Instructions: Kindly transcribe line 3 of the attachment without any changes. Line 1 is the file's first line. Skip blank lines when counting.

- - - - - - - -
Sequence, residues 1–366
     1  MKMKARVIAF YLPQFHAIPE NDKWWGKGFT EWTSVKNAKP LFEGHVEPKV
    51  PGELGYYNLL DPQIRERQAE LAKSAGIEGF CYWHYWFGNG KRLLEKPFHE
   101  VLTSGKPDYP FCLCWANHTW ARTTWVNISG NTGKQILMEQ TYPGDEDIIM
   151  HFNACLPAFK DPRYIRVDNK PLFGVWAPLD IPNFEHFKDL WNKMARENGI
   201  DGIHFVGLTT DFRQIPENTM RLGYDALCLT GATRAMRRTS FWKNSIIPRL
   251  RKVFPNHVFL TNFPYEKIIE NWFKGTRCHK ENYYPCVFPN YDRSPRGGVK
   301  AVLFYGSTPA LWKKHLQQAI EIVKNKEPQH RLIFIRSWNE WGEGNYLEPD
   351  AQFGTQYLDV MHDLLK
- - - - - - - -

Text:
    51  PGELGYYNLL DPQIRERQAE LAKSAGIEGF CYWHYWFGNG KRLLEKPFHE